May, June, September, October and November
Historically, Antigua has imported most of its food so it is unsurprising that the specialties tend to be Creole-influenced or specialties from the cultures that originally lived here. Many dishes combine a mixture of green peppers, tomatoes, onion, and garlic and are heavily spiced—sometimes meaning spicy (hot), sometimes just meaning full of spices. Locals like to add heat to their dishes if they aren't spicy enough, like the popular red habanera and scotch bonnet hot sauce called Susie's Hot Sauce.
Fungi is the popular national dish of Antigua. This dish often comes as a side, accompanying mashed vegetables, salted cod, or garlic and onions. It is a mixture of cornmeal and okra with a consistency similar to grits. The cooked cornmeal paste is stirred with a special cooking utensil called a fungi stick, which the Antiguans say is essential for making the firm texture of the fungi.
Souse is a type of soup eaten as an appetiser or as a side dish for lunch or dinner. Meat is culled from the head, feet, and tail of a pig. The meat is washed with lime, then boiled in salted water to make a flavourful broth. Then the ubiquitous mixture of onions, sweet peppers, and spices are added.
While this popular Caribbean dish may have originated in Jamaica, Antiguans love it also. Jerk chicken combines a unique set of spices to make a well-rounded sweet, spicy, herbal chicken dish that is mouth-wateringly juicy and tender. Grill it, bake it, whatever way you eat it, this dish is authentic and delicious.
This traditional Antiguan dish is like a sweet dumpling and is fairly simple to make. It consists of grated sweet potato mixed with coconut milk, flour, sugar, cinnamon, nutmeg, raisings, and a dollop of butter. The mixture is formed into little dumplings and steamed in a banana leaf. Douse it with pineapple vinegar or hot sauce to get that perfect combination of sweet and savoury that Antiguans love so well.
Pepperpot stew is a classic Antiguan dish that is often served with fungi. This type of pepperpot differs from others in the Caribbean in that it is green. The green colour is thanks to the inclusion of fresh spinach. The stew also adds a variety of rich ingredients such as yams (or pumpkin), smoked ham, corned (or salt) beef, pigeon peas, tomatoes, and spices.
Roti is basically a type of bread that is similar to a large flour tortilla, but slightly lighter. In Antigua the roti is filled with goat, chicken, conch, shrimp, fish, or lobster and chunks of potatoes. Usually the filling is curried, but jerk and Creole sauces offer a yummy alternative. Smother it with Antigua’s popular hot sauce, Susie’s, for that spicy, mouth-watering kick.
Antiguan street food captures the essence of the Caribbean. Vibrant, spicy, colourful, flavourful, you definitely don't want to miss out. In Antigua, street vendors have to be licensed, so you are generally safe buying food from them. However, do be careful to only order street food from vendor’s whose food is clean and fresh, as well as cooked in front of you.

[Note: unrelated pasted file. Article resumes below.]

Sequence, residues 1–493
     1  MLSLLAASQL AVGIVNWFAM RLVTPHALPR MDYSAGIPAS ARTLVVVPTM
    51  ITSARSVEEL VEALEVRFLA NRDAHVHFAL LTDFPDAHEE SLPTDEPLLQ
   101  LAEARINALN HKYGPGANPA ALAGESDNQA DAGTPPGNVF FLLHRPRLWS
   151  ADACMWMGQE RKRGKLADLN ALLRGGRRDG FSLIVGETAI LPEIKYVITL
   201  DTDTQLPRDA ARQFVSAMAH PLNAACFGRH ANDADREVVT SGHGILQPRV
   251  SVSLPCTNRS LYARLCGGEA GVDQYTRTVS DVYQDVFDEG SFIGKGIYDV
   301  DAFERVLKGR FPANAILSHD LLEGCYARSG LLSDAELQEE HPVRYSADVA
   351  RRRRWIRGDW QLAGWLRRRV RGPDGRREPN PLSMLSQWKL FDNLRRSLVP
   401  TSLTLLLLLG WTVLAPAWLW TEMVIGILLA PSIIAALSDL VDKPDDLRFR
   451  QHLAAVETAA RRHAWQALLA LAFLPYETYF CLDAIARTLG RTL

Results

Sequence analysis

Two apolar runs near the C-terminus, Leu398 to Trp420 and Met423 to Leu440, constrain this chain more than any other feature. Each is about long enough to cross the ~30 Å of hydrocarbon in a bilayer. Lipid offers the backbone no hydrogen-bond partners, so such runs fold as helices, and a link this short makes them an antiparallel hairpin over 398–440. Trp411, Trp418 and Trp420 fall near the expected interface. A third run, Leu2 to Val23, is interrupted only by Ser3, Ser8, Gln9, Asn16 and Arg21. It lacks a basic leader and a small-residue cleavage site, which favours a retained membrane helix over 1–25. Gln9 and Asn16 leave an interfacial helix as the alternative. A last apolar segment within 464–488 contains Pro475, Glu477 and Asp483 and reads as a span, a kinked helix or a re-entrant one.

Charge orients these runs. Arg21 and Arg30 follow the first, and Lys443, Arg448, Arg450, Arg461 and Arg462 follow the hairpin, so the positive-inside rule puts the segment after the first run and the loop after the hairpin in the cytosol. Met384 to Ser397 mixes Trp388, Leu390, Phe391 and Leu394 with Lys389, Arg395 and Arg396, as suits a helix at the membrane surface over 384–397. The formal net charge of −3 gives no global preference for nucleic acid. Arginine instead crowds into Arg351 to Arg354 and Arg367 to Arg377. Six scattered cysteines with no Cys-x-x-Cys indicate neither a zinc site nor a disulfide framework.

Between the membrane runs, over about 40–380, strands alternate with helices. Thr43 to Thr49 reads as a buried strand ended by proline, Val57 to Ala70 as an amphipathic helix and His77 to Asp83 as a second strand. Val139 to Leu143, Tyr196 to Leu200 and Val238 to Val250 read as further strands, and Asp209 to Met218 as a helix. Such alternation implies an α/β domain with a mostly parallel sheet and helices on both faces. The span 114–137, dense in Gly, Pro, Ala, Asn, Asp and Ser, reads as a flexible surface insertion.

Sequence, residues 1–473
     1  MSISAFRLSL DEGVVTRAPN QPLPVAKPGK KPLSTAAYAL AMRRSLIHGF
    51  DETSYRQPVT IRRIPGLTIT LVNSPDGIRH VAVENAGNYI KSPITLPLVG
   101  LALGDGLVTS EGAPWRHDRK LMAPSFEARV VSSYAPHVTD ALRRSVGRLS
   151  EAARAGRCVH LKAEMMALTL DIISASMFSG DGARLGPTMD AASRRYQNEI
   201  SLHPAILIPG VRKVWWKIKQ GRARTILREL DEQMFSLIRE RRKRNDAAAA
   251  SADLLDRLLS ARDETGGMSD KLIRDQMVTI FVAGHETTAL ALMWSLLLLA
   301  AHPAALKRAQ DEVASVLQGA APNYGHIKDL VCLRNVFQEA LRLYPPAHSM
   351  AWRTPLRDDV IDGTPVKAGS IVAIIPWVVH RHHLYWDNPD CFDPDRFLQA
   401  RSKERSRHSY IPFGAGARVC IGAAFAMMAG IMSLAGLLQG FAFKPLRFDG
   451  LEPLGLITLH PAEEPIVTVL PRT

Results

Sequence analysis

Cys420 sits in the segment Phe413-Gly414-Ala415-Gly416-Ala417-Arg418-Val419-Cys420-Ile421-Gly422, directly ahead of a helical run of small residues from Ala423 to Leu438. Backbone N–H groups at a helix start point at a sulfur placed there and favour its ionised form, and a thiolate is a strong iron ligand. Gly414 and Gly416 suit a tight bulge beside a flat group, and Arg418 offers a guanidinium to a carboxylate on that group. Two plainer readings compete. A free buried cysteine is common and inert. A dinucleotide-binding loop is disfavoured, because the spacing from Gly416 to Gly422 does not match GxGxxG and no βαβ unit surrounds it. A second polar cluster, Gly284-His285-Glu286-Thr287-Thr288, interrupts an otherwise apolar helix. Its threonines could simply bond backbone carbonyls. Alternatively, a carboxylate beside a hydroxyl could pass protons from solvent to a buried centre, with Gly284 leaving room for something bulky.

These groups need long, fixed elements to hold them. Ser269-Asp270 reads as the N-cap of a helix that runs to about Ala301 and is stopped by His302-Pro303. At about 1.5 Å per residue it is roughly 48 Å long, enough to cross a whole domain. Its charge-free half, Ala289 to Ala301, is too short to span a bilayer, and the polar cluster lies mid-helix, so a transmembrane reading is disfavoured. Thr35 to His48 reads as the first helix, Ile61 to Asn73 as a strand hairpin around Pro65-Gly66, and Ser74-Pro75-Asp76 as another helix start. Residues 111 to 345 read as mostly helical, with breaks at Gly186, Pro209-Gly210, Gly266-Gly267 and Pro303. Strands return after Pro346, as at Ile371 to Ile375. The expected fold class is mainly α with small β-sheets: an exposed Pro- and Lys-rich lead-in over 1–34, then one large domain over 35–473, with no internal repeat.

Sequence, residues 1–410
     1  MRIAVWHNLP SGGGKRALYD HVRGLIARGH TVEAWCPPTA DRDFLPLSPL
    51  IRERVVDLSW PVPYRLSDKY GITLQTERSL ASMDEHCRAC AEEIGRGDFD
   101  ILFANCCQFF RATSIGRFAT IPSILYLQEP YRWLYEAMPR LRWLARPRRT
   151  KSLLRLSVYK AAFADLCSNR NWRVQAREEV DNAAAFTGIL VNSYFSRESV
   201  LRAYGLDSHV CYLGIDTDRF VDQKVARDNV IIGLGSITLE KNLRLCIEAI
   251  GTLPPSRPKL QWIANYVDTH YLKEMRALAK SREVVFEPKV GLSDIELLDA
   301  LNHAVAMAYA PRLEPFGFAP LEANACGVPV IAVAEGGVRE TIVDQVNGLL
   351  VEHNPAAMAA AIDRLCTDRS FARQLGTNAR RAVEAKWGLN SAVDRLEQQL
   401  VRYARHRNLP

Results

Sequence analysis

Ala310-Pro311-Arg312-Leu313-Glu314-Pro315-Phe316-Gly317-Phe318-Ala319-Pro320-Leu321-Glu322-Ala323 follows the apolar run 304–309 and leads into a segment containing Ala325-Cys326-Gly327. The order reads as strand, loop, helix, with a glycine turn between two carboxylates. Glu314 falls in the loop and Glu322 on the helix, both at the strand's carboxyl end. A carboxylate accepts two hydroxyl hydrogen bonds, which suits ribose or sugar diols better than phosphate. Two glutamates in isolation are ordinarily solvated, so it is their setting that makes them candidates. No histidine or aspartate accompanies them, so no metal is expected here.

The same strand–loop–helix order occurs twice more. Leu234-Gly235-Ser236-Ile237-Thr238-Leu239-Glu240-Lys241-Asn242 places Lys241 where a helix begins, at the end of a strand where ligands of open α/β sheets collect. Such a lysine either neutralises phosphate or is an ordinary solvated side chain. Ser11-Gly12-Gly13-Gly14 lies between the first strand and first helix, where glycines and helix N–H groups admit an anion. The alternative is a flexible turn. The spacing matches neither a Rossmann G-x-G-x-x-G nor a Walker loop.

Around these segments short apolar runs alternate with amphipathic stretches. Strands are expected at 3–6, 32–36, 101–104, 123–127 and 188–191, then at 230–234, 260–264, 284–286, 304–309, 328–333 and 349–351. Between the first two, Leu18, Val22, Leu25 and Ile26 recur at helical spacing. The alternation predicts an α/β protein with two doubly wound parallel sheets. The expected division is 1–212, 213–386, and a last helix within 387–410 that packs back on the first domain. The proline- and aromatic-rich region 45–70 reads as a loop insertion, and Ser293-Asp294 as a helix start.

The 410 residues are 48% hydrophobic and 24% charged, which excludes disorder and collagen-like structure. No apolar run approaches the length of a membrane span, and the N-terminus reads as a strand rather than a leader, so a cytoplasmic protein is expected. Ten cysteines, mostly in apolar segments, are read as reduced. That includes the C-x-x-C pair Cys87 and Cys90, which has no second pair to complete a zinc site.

Saltfish cakes made their way to Antigua from the West Indies. Popular in local restaurants and served by street vendors, they can be bought by the dozen or just a few at a time. Saltfish, dried and salted cod, is mixed with onion, sweet pepper, mashed potatoes, and scotch bonnet or habenero peppers, as well as milk and flour to form a batter. The batter is dropped into heated oil and deep fried until crispy and delicious.
The Antigua Black Pineapple gets its name because it is ripe and ready to eat while the skin is still dark green. This unique pineapple is not just sweet, it is super-sweet. Slice it and serve it on a plate, then take it to a tropical beach and pair with a piña colada for a taste of the good life.
Breadfruit was originally introduced to the region from the East Indies. This green fruit has a pale yellow or white flesh that is so bready it can be made into flour. In Antigua, street vendors boil the breadfruit in salted water for a few minutes, then smother it with butter, garlic, and parmesan, and bake it until it is bubbling and golden brown.
Just like in the UK, pasties are a popular type of street food in Antigua. These savoury pastries are stuffed with meat, potatoes, and onion and baked in the oven until the pastry is golden and delicious.
Johnnycakes were introduced to Antigua by its earliest settlers. These delicious little cakes are a type of bread, made with butter, flour, milk, sugar, salt, and baking powder, mixed, then patted down and fried in a pan. These easy-to-eat bits of bread are especially popular at beach parties and festivals.